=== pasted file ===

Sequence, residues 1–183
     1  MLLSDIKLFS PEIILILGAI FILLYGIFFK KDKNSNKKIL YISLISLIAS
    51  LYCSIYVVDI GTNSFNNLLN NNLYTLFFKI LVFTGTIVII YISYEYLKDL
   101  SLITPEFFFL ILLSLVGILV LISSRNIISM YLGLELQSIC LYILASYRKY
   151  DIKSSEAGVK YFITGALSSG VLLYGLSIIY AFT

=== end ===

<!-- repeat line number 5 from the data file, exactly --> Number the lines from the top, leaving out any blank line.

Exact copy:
   151  DIKSSEAGVK YFITGALSSG VLLYGLSIIY AFT